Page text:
August 19, 2020

Demystifying Ungrading: How to Empower Student Learning Beyond Grades

Room: ESLC 053


Abstract

The appeal of an “ungrading” approach can be irresistible: studies show that students pay less attention to feedback accompanied by a letter grade than feedback given without a grade attached. In addition, ungrading techniques can minimize the gatekeeping or punitive side-effects of grades that unfairly limit first-generation and marginalized students. However, implementing a strategy that asks students to reorient their relationship with grades can be–putting it mildly–daunting. In this session, four USU instructors reflect on their ungrading experiences and share implementable techniques and philosophical rationale for the approach.

One of the challenges of ungrading can be the disciplinary specificities of grading norms. When academia shut down and went virtual in March 2020, instructors had to reconsider their grading practices. Our panel explores how four instructors reimagined our instructional technique; what we learned, what we kept, and the future of ungrading. Through a blend of qualitative and quantitative methods, we examine four ungrading perspectives. We discuss ungrading techniques that empower student autonomy, free instructors from unnecessary restrictions, enable collaboration, and reward students for fostering curiosity over rote memorization. Attendees will leave with concrete strategies for implementing ungrading, communicating ungrading to students, and familiarity with ungrading’s social justice approach to assessment.

*Participants will learn why traditional grading often has negative impacts on learning and internal motivation.
*Participants will learn how to implement "ungrading" in various classes.
*Participants will learn how to talk to students about "ungrading".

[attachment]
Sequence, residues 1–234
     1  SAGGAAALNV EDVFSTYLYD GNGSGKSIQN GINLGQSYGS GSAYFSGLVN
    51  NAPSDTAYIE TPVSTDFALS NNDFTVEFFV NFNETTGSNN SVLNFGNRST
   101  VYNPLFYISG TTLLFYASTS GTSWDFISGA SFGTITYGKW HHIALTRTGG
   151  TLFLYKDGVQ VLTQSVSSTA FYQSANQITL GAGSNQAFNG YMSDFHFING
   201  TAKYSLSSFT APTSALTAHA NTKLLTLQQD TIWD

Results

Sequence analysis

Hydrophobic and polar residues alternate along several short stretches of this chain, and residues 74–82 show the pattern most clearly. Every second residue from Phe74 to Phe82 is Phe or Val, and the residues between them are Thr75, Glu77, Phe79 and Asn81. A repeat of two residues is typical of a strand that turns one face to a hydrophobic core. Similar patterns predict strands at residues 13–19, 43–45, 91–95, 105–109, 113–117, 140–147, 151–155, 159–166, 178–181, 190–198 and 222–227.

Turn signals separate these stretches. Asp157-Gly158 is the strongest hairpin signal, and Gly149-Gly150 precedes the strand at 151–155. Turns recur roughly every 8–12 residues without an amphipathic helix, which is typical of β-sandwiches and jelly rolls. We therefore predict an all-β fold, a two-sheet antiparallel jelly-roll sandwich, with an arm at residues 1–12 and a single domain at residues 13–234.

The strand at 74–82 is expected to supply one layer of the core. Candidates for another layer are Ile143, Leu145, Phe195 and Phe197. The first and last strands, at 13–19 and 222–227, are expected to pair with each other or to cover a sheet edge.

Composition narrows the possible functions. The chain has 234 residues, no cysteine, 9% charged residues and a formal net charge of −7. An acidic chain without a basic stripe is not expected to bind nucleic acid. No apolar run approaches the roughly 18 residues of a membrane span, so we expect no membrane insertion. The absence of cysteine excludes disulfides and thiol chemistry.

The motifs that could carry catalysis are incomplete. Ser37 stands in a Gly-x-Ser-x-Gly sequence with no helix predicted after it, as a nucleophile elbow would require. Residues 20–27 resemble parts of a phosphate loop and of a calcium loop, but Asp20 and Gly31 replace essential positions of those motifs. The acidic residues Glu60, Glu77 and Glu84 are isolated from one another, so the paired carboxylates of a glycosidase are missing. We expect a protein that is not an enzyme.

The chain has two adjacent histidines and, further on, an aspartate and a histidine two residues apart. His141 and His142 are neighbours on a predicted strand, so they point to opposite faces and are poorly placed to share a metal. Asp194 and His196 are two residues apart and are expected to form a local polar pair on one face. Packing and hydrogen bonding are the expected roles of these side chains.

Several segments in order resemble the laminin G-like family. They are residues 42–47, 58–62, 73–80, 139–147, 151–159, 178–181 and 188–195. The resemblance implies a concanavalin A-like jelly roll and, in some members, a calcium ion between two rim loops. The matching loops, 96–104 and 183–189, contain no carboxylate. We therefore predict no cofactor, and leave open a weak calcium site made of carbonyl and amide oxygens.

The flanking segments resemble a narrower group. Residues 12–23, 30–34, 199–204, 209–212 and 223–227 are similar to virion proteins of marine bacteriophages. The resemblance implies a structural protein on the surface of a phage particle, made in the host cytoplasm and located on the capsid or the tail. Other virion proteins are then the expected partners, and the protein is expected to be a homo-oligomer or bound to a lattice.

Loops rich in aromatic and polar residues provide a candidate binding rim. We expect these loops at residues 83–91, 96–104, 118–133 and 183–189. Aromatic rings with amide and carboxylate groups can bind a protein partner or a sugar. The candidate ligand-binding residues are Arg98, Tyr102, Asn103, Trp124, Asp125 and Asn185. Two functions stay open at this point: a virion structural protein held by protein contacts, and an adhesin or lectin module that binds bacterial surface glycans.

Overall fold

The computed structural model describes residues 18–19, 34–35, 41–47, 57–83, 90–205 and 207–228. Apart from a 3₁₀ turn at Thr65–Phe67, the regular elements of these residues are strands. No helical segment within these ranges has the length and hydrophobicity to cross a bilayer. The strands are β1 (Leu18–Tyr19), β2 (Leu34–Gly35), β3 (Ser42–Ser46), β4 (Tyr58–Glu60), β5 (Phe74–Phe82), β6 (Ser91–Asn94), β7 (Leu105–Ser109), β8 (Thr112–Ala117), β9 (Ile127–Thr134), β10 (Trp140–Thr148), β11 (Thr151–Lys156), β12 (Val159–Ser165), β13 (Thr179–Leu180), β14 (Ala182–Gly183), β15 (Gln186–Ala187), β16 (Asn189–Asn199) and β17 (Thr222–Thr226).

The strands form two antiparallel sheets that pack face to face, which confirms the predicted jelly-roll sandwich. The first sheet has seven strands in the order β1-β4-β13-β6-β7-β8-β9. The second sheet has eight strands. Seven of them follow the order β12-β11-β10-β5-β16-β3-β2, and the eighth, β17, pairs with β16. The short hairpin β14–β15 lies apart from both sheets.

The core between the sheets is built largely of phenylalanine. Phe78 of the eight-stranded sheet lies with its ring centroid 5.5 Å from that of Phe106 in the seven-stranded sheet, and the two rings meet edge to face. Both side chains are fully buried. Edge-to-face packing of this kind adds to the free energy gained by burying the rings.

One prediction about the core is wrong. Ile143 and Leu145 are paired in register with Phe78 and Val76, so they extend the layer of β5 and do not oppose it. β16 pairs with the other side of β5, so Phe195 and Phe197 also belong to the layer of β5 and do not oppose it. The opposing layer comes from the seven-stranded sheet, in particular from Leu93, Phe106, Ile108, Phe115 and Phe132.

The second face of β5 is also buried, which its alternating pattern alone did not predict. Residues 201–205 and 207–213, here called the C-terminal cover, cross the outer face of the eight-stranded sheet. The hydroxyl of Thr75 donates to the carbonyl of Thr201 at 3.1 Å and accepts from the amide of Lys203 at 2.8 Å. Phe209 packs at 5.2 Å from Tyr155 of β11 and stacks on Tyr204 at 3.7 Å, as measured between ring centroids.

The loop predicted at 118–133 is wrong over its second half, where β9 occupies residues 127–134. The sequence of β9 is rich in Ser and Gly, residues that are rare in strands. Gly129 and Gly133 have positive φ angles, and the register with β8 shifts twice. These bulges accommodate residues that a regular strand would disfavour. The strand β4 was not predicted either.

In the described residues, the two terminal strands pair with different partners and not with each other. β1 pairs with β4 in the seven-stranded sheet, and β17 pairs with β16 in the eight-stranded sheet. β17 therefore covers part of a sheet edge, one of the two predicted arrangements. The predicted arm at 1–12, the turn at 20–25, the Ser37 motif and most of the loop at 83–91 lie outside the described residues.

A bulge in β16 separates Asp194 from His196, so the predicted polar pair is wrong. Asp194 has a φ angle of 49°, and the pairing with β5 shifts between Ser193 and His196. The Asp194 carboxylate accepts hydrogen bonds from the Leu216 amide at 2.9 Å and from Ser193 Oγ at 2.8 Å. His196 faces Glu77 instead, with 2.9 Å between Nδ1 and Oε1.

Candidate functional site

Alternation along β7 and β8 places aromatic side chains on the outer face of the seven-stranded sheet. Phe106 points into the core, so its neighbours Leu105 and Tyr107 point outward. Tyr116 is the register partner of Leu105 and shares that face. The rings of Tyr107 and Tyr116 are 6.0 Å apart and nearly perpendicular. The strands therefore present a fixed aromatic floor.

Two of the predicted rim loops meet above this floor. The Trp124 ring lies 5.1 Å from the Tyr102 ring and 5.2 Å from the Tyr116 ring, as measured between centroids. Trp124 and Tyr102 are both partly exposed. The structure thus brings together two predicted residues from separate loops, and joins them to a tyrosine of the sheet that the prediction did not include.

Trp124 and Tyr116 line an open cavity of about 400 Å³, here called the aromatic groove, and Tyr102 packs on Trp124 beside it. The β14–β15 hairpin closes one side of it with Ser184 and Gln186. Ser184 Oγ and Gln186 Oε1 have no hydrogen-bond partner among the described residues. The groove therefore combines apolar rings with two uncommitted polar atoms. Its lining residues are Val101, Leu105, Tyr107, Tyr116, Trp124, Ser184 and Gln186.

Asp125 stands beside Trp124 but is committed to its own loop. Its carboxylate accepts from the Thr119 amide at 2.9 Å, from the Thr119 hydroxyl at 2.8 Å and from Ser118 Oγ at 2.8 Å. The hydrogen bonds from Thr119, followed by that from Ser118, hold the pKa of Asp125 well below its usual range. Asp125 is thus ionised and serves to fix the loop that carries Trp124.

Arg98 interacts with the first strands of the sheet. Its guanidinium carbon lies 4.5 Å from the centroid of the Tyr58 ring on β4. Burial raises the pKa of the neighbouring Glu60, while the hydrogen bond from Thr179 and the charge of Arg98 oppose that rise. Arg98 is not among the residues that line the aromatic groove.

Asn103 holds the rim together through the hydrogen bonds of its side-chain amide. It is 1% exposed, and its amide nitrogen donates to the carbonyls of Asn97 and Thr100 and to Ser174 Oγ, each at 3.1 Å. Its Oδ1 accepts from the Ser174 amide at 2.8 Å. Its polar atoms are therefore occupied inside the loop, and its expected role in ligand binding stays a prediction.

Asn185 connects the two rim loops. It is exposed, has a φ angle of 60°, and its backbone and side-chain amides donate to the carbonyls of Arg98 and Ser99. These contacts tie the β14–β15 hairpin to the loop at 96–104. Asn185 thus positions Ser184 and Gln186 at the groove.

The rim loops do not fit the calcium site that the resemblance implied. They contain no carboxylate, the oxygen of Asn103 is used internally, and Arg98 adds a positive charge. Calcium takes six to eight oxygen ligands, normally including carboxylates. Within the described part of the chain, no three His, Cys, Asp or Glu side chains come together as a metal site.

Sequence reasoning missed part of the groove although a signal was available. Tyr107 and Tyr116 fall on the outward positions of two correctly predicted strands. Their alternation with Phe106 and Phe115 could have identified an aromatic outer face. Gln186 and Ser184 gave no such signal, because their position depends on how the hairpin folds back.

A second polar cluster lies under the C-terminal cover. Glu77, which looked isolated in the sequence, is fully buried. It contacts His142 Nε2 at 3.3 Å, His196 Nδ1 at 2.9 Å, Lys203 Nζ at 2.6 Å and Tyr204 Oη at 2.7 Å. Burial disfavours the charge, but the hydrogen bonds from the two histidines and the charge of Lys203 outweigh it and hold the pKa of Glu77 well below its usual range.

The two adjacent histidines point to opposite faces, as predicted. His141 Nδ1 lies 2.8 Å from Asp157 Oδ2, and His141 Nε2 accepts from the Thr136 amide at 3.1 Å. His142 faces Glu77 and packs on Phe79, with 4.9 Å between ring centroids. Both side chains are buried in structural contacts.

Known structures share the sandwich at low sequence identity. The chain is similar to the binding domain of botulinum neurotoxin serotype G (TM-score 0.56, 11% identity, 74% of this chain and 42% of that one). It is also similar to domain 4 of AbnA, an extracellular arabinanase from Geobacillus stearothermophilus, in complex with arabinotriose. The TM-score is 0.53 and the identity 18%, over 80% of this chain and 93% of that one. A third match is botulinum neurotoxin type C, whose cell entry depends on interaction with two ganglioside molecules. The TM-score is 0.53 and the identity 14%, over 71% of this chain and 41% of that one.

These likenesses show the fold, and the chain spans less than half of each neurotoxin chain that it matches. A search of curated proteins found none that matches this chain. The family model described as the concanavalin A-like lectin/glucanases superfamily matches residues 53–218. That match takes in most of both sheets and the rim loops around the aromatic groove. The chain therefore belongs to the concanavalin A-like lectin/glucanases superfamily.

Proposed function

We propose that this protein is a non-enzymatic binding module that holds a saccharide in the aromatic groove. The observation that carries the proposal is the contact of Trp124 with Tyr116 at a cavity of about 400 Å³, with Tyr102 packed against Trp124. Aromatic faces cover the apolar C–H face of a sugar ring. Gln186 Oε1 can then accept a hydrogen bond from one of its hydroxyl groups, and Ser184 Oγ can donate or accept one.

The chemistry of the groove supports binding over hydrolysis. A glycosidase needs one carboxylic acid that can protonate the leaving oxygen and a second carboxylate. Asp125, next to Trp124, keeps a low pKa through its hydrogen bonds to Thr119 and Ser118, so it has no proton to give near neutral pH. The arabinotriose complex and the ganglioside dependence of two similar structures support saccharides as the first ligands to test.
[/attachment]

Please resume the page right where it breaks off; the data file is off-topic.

*Participants will learn how to address the need to maintain certain standards, rigor, and also reduce student anxiety


Lisa GabbertJulie Lamarra

Assistant Professor of Practice

Dr. Julie Lamarra teaches within the Outdoor Product Design and Development program. Her teaching philosophy is rooted in experiential learning and gaining an understanding of the individual. Her primary focus is on student-centered learning with connections to career and technical skills for the outdoor industry.

Timothy Chenette

Lisa Gabbert

Associate Professor of Music

Dr. Tim Chenette teaches music theory and aural skills at USU. His research seeks to improve aural skills instruction through a better understanding of the brain and a quest for broader accessibility.



Sharon Lyman

Lisa Gabbert

Learning Specialist

Sharon Lyman works as a learning specialist to support student learning and the integration of learning strategies in general education courses. She teaches USU Habits of Mind courses on learning, reading, and planning.



Adena Rivera-Dundas

Lisa Gabbert

Assistant Professor

Dr. Adena Rivera-Dundas teaches 20th and 21st century African American literature. Her research examines how Black American scholars, poets, and novelists deploy personal archives to disrupt oppressive epistemologies